KIRKSVILLE — The invitation said “cowboys, cowgirls and buckaroos are welcome and you can even bring your dog.” The NEMO Cowboy Church is being held in a sale barn and everyone is welcome.
Pastor Tom Rowland said they chose to start the church, which opened February 21, to reach the local population of Adair County who are interested in horses, rodeo, cattle-raising and a rural lifestyle. “Jesus preached in the temples, but He also went out into the world to preach to them as He found them,” Roland said. He said they had an offer of use of a vacant church building just up the road in Schuyler County, but when they found out the Kirksville Livestock Market was offering to let the new church use their facilities it seemed like the thing to do.
People come in the sale barn and sometimes they bring a cattle dog with them. Most wear jeans, boots and a hat. The music is country western style, although with a distinctly Christian message. The sale barn even smells a little like cow manure, which makes perfect sense. Everyone seems right at home.
Christy Hodgen is the greeter for the church. She is co-owner of a sale barn in Green City, 25 miles west of Kirksville. A self-described “cowgirl,” Hodgen moved to Missouri from Indiana and she said she has always had a “western mindset.”
“I always enjoyed working with my horses. It is a place where I can feel close to God.” She heard about the new church on Facebook and decided to give it a try.
“The whole aspect of a cowboy church atmosphere with cowgirls, horses, western wear, you don’t have to come to church all prim and proper,” Hodgen said. “It’s a place that appeals to the western lifestyle: freedom, open spaces … you can be yourself.”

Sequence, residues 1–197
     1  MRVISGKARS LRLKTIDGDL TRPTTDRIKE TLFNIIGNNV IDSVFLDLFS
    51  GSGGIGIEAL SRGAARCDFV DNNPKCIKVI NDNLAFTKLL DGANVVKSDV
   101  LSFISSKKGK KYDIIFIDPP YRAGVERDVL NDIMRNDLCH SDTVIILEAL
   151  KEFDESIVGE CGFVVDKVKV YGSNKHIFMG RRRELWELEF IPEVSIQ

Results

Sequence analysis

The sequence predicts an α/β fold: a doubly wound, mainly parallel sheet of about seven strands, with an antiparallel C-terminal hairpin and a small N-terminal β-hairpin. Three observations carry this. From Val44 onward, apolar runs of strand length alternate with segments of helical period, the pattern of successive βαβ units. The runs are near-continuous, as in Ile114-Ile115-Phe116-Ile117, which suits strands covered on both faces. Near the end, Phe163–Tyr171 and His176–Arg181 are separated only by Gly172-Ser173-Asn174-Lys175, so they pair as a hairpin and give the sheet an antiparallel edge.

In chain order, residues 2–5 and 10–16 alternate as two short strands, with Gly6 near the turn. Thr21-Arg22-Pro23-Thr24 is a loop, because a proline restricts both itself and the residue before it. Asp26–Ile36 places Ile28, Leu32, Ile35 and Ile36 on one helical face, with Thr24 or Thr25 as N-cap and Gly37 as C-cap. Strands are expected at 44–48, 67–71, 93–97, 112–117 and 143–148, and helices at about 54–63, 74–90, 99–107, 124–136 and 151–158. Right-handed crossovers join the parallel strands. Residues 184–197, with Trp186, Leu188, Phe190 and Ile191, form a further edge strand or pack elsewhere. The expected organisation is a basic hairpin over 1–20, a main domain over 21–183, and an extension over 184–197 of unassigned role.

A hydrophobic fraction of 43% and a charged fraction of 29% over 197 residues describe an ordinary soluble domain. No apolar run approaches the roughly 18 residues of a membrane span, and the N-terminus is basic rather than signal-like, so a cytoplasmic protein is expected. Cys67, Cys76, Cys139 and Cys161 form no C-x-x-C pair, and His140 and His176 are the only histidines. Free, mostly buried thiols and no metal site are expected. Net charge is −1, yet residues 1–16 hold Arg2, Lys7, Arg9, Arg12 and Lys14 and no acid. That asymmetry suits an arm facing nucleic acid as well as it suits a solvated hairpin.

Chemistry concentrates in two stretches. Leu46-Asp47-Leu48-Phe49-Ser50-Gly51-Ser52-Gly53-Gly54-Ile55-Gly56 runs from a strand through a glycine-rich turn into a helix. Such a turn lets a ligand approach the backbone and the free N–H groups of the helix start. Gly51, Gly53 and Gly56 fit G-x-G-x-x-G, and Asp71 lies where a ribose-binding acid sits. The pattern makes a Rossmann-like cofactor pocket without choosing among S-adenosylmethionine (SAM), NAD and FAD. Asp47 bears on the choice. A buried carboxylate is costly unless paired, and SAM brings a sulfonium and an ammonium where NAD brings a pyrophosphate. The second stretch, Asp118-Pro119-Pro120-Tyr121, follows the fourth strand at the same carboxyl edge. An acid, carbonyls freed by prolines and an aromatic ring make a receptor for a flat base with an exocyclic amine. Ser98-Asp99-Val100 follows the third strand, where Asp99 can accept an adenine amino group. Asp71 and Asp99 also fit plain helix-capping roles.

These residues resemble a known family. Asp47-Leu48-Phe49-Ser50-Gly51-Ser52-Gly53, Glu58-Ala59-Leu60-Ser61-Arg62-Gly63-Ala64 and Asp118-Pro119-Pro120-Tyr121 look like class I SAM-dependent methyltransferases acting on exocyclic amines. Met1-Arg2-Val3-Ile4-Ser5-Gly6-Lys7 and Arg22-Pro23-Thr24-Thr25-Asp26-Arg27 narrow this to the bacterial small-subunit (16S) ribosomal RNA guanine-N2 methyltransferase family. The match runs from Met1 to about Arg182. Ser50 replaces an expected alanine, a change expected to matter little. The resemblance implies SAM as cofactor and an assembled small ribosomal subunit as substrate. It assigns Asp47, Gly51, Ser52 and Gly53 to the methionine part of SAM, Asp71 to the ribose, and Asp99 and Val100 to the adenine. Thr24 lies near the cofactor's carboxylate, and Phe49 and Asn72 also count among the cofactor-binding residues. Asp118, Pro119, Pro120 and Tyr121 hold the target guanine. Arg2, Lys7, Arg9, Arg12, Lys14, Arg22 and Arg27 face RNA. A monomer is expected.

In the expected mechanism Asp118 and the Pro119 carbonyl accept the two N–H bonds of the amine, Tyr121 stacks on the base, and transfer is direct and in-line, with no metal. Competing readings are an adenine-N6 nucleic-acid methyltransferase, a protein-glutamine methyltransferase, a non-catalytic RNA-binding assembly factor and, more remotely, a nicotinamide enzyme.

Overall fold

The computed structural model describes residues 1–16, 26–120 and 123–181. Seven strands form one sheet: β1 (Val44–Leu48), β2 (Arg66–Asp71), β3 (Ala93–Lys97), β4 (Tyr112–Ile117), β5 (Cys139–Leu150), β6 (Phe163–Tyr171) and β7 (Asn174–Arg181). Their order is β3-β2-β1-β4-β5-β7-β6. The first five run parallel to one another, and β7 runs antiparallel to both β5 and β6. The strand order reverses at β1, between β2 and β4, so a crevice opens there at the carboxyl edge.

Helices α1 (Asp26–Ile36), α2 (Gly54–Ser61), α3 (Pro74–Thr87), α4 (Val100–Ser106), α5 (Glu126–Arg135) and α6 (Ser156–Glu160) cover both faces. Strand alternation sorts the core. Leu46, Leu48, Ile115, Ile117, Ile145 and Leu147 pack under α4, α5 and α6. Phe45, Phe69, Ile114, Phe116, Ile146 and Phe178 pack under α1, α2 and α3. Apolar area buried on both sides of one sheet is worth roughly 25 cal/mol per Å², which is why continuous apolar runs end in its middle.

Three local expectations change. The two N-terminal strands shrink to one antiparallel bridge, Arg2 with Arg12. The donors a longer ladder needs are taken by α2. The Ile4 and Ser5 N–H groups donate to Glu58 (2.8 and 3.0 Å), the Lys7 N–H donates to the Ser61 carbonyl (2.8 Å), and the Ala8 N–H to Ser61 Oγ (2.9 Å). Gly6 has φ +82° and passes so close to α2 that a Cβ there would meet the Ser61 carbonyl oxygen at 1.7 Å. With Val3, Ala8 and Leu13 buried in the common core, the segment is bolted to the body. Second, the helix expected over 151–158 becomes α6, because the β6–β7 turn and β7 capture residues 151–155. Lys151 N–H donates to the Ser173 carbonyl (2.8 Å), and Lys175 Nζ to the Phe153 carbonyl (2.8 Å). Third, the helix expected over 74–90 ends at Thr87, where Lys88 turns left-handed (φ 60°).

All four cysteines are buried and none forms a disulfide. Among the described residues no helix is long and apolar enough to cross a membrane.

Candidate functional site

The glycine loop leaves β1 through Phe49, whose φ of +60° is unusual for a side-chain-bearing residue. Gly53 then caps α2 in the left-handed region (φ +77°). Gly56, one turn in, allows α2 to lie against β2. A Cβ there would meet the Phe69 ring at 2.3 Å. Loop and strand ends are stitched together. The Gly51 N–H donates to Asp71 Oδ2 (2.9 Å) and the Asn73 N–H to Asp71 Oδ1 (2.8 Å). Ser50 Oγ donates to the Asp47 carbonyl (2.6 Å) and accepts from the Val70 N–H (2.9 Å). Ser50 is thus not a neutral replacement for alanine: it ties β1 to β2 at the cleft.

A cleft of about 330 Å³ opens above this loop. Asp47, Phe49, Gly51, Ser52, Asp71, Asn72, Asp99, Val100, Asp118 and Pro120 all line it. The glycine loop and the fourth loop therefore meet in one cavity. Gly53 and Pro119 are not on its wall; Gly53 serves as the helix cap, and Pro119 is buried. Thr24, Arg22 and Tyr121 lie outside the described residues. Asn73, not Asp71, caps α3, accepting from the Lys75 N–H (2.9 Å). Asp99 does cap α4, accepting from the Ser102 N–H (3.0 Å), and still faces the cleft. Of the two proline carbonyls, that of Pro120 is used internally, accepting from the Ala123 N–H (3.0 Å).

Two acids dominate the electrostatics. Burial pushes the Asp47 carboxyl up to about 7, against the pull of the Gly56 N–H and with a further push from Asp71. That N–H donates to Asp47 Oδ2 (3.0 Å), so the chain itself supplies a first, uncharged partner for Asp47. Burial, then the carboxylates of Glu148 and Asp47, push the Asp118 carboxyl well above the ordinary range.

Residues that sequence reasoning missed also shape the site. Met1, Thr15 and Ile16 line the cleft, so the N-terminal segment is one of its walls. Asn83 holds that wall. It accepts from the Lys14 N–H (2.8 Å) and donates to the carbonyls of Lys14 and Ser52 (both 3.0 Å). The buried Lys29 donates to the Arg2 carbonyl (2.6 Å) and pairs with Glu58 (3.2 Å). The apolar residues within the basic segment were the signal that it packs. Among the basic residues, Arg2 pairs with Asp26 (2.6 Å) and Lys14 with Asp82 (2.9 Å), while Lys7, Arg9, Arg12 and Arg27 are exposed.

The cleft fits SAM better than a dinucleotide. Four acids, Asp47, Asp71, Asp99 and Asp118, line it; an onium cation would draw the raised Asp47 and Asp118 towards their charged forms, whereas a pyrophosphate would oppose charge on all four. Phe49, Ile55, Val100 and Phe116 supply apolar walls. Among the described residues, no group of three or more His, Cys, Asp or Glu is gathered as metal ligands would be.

She and her son, Stetson, have been coming since the church started, and she started volunteering as a greeter right away.
Several members of the saddle clubs in Green City, Queen City and the 4-H club in Kirksville have responded to the invitation to the new church. Roland has preached at some of the cowboy worship services at these clubs. He also works with a group called “Chariton Hills Chapter of the Fellowship of Christian Cowboys which sponsors a rodeo Bible camp for teenage boys and girls every summer in Bloomfield, Iowa.
Caleb Perkins, is the church’s worship leader. He runs a farm machinery sales company and has been a cattle auctioneer for several years. He joined with Pastor Roland back in January to plan the launch of the new church and he brings his family along for the evening services. His kids and their friends gather during the worship time for a children’s church session with the other little “buckaroos.” The Perkins family sees their involvement as an investment in outreach to the rural community of Kirksville and surrounding counties.
Perkin’s uncle, a cattleman named Gary Perkins, of Green City, said he just loves the “low key, laid back, come as you are, no pressure setting.”
“You don’t have to get dressed up. It’s a relaxed setting,” Perkins added. He attends Sunday services at First Baptist Church, Green City, but he said, “A lot of people that wouldn’t go to a Sunday church are willing to go to a sale barn for church.”
Rowland said the idea to start a western-oriented church has been in his mind for a long time. The association leaders asked him to consider starting it and he prayed about it. God said yes.
He is a rancher, has a fence-building business, is a youth pastor at Hartford Baptist Church and he does a lot of guest preaching in churches in the Thousand Hills Baptist Association. Many of the smaller, rural churches are pretty informal and western already, he said. “When I prepare for a message in the cowboy church, it is pretty similar to what I would preach in the country churches. But the gospel is very relevant to our rural congregations.”
“It’s a team effort,” he said. He appreciates those that are forming a great team for the Thursday night church.
They hope to meet every other week and believe there will come a day when the congregation will want to meet every week. But for now, bring your dog, wear your boots, jeans and a big hat and come on down to the sale barn for church.